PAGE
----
Simone began to shout, many of the words in Nepali language, and many of the words were inflammatory. At this point the fixing team made the correct decision to drop their loads of rope and hardware, attaching them to the installed line, and to descend without any further interaction or confrontation with the three climbers. The fixing team descended to Camp II and went to their respective camps as a number of expedition teams work together to fix the route on Everest. As the fixing team descended to Camp II, Simone radioed down requesting to know what the Sherpa were talking about. At one point Simone stated over open radio frequency—fixing frequency, tuned in by all the fixing teams and anyone listening on the mountain—that if the Sherpa had a problem he could come down to Camp II soon and “f---ing fight”.
As Simone returned back to Camp II he again spoke over the fixing frequency a demand to speak with the fixing team comprised of 16 Sherpa (of eight different teams) back at Camp II. He explained that he would meet them at one of the expedition camps. When he arrived in Camp II he went to his tent. At this pointm, some western guides went to Simone’s camp to explain that he should apologize for the situation his team created during a very dangerous workday.
As the western guides spoke to Simone, Sherpas from many different teams congregated as a result of his radio call from the Lhotse face and wanted to speak with Simone and get an apology, and to explain to him how difficult their job had been that day. The Sherpas who were together felt that Simone’s words and interactions were both hurtful to the individuals, as well as grave and serious insults to the entire Sherpa community. As the Sherpas approached Simone’s camp, tensions were high and they wanted to have a discussion with an already angered Simone. Then Simone came out to talk and both sides approached each other in loud discussion, at which point a careless western climber who had not been involved up on the Lhotse face arrived and entangled physically with a Sherpa. This was the ignition for what ensued next.
It is safe to say that the Sherpa thought this western climber was part of Simone’s team and had initiated a dangerous confrontation. At this point the Sherpas felt as if they needed to defend themselves as they had just seen one of their colleagues attacked. The tense situation ignited and a brawl ensued.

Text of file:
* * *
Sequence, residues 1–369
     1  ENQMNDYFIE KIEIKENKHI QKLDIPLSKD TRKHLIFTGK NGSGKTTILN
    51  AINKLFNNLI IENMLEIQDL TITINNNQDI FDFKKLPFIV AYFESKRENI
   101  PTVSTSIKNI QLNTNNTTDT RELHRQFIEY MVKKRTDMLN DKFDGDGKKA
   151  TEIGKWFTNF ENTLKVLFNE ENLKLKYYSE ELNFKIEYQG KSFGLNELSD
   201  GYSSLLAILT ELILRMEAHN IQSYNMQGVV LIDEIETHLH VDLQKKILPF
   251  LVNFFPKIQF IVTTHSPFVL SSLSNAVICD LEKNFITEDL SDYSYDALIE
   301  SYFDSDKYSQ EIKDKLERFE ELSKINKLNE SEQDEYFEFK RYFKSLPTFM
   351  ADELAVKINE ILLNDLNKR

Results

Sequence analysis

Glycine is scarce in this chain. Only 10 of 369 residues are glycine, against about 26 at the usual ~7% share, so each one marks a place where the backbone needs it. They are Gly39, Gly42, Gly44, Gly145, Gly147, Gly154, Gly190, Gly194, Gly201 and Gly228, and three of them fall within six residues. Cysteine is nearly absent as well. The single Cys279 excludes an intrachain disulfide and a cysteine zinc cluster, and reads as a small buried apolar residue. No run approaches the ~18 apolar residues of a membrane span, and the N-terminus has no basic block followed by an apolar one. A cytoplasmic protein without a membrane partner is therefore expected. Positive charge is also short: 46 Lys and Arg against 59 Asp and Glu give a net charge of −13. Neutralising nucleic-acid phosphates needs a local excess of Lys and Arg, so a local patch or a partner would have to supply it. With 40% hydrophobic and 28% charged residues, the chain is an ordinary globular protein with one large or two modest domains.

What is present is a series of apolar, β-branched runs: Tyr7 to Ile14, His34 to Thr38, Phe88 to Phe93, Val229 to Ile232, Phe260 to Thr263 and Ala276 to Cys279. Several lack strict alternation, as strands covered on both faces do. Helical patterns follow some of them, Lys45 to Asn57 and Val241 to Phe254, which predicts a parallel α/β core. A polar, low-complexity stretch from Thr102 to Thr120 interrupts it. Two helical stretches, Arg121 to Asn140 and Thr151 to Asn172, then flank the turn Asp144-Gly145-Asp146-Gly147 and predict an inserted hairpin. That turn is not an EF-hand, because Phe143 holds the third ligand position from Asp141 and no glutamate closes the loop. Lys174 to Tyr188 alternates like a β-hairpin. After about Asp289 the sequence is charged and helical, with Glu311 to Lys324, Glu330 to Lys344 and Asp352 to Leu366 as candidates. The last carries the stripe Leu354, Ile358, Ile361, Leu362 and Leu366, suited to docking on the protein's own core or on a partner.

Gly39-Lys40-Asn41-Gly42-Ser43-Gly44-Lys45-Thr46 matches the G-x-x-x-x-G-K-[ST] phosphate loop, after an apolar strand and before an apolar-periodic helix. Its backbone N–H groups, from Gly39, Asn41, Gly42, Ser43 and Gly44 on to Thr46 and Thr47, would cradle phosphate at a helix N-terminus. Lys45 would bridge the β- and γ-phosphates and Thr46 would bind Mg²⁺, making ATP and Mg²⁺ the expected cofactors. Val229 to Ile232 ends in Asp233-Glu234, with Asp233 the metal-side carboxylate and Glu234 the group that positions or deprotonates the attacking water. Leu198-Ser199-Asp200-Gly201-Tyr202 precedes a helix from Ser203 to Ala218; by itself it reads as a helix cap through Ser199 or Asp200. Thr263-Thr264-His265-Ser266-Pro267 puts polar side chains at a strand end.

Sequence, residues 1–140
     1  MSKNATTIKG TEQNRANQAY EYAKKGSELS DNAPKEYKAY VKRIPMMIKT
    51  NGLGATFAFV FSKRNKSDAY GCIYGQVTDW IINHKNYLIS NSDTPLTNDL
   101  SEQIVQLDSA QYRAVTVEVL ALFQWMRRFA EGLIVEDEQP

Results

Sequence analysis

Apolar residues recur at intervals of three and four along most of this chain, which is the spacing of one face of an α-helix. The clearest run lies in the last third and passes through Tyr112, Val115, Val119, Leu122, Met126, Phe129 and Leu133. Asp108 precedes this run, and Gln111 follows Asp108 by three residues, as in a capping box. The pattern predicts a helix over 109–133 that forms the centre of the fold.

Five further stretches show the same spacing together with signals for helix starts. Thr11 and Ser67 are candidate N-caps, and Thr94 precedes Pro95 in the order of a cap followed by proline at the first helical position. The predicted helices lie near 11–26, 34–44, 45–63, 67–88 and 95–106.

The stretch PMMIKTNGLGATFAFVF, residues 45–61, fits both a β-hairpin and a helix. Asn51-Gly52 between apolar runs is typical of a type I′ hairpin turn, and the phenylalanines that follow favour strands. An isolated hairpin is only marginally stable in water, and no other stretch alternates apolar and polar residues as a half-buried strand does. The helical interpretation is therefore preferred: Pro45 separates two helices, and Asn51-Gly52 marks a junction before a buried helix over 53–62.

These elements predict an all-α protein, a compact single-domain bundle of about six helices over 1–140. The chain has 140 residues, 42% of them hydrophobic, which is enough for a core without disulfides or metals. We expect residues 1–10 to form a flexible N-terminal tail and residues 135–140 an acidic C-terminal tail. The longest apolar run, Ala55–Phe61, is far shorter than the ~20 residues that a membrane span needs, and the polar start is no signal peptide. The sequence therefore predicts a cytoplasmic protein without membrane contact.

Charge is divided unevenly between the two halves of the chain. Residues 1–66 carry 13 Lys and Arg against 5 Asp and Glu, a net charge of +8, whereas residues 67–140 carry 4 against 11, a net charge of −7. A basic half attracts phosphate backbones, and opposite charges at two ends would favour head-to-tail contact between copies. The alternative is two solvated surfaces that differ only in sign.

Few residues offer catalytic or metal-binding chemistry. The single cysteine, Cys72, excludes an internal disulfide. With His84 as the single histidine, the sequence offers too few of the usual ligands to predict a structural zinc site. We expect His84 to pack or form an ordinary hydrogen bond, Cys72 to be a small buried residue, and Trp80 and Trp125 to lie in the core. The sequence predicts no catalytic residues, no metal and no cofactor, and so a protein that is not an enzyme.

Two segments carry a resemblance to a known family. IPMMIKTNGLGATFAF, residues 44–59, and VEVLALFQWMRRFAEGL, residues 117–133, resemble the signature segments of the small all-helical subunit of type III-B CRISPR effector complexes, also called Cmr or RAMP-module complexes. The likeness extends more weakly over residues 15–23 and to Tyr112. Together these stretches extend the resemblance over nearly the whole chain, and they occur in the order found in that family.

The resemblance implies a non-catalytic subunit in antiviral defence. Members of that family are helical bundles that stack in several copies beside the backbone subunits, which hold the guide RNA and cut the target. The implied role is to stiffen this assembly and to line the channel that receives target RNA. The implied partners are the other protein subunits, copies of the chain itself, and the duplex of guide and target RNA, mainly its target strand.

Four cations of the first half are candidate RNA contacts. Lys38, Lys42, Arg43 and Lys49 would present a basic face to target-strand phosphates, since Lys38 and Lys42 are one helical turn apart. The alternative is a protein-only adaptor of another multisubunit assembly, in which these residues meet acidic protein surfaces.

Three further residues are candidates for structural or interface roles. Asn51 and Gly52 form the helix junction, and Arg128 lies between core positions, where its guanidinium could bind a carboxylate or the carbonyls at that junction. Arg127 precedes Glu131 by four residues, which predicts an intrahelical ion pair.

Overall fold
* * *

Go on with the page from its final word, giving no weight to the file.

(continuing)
The brawl was stopped by a group of western climbers and Sherpas working together. Simone’s team was protected by both a Sherpa group and a few western climbers and guides. As the group separated, Simone asked to apologize for his actions. After things calmed down, Simone’s team descended to Base Camp.
The following day, April 28, was peaceful.
To Simone’s credit, he did not want to leave Everest until he had a chance to make peace with the furious Sherpas. The Sherpas met in Base Camp and discussed peacefully the events of the fixing day (April 27), and both parties recognized the errors in what they said and did, and apologized to each other. Simone reiterated his respect for the Sherpas and for the work they do, and both sides agreed to work together in the future to make sure something like this never happens again.
The Sherpa community understands this unfortunate and avoidable situation was unacceptable. The Sirdars have committed to educate these hard-working young men about handling the stresses of a very intense job.
In climbing the Nepalese side of Mt. Everest, all the teams collaborate in working together to ultimately achieve a mutual goal, to reach the top safely, and the Sherpa are a major part of this goal. The first summit of Everest in 1953 was made by Sir Edmund Hillary and Tenzing Norgay, a foreigner and a Nepalese Sherpa. The first American ascent in 1963 was Jim Whittaker and Nawang Gombu Sherpa, also a foreigner and a Sherpa.
I sincerely hope that this incident does not damage how the Sherpas perceive the foreigners who come to climb on their mountain. We aim to uphold the spirit of climbing together to accomplish our common goals and to respect one another throughout our mountaineering endeavors.
UPDATE: Simone Moro reached out to us over email to offer this response, refuting Madison's version of his provocative radio call [Emphasis Moro's]:
It makes me crying to read that false, false, false and pure invented fact. I NEVER, NEVER, NEVER, NEVER, did that radio call and provocation. (I have a lot of witness who can confirm.) Madison INVENTED those words to try to change the facts and give me responsabilities for the tension. I'm not so crazy, stupid and violent to provocate and challenge the Sherpas in C2 with that words.